Full-time parent as a title in the first place is awful. It suggests that those of us who leave the house to make a living are part-time parents, that we are lesser, that we switch off. I wish sometimes, but no, we don’t. I may not have my baby strapped to my hip for the best part of the working day, but that does not revoke my parent title for those 9 hours. For most it’s not a choice, working and making a living is a part of being a grown up – as is parenthood.  The two can go hand and hand, and deeming parenting as an occupation simply suggests we choose one or the other, a job, or parenting. That by returning to work we are doing so instead of choosing to be a parent, when the reality is often far from this. This notion of part-time/full-time parenting is just another to add to the list of things we judge each other for, and this post alone shows that I’m guilty of it, or at least I was. Whilst I still can’t come around to the idea of parenting as an occupationI no longer associate those who do not leave the house to go to work with being lazy, or scroungers. I blame too much Jeremy Kyle.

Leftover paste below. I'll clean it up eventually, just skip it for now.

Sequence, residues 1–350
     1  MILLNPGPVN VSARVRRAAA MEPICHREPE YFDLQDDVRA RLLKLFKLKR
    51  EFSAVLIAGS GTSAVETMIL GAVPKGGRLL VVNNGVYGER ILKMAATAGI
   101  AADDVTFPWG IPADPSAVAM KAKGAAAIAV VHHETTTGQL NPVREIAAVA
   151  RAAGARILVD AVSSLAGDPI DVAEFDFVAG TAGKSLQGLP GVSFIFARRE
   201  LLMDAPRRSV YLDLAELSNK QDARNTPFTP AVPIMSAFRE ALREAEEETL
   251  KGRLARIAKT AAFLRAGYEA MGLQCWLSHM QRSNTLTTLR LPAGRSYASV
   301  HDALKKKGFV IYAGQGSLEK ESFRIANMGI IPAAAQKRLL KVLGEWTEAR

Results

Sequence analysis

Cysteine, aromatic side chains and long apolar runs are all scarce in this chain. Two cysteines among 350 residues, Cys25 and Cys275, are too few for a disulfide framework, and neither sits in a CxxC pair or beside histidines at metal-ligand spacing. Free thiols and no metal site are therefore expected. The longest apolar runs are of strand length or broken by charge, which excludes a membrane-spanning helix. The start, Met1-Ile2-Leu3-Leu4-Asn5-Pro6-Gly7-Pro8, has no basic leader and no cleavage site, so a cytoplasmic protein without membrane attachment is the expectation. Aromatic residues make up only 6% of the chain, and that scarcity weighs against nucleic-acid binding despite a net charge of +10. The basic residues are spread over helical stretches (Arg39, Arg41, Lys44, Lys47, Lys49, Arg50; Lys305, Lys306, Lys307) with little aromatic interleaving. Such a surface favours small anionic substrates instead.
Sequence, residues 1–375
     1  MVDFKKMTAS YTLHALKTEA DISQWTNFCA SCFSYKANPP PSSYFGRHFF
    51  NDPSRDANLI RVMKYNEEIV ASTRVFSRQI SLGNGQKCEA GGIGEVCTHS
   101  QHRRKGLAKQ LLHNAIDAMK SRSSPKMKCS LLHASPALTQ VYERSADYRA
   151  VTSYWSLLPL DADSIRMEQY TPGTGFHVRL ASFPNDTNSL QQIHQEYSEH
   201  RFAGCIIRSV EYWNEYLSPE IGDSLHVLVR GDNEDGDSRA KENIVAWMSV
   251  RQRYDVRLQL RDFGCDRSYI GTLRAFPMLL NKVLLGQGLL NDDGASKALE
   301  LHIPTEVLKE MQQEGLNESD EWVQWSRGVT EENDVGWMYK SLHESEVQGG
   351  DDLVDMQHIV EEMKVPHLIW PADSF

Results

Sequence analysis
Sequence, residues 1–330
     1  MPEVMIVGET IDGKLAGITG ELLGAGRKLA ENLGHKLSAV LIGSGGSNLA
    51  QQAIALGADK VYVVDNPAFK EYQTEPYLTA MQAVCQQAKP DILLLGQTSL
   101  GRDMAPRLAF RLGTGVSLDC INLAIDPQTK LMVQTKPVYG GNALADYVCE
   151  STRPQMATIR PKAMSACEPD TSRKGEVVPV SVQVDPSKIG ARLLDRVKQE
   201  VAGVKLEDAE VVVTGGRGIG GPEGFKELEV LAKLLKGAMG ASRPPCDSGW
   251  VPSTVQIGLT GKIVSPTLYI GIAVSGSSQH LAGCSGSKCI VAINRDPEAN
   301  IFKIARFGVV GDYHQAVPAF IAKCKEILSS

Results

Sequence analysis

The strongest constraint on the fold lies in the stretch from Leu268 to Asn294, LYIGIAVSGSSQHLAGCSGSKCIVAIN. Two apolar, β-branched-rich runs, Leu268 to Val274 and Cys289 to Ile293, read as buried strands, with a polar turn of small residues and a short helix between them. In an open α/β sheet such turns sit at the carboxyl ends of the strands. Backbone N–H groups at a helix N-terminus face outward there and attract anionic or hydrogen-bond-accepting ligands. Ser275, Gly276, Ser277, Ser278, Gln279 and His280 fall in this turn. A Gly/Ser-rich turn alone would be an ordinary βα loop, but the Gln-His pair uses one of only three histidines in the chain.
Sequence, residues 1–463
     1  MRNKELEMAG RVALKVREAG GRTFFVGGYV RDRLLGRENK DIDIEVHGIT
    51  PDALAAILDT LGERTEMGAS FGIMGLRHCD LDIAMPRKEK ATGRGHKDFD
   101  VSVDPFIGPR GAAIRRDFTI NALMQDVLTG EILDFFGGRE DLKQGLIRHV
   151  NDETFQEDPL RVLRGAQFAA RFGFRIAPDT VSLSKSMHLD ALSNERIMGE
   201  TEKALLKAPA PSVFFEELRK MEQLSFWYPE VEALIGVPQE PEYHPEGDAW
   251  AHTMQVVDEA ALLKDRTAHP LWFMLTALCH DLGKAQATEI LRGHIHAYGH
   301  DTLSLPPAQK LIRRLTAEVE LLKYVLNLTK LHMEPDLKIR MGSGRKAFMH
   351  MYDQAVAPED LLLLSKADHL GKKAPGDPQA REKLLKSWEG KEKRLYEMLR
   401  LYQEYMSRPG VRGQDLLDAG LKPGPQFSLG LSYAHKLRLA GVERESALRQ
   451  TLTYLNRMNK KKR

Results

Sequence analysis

I have a new-found respect for those stay-at-home parents: if I could add the skills gained during my maternity leave to my CV (and not be laughed straight out of a job interview for being a bit of a tit) I’d be a force to be reckoned with. Time management, people management, crisis management and the negotiation skills second to none leap to mind, and the reality is I would probably use these more frequently in one day at home with my seven month old than I would in a week at work. I work more looking after my child than I ever have done at a desk – and that alone is enough to tell me that my old opinion of those who stayed at home was skewed. There is nothing lazy about life at home – regardless of the circumstances that lead to us staying at home, it’ll never be as easy as going to work.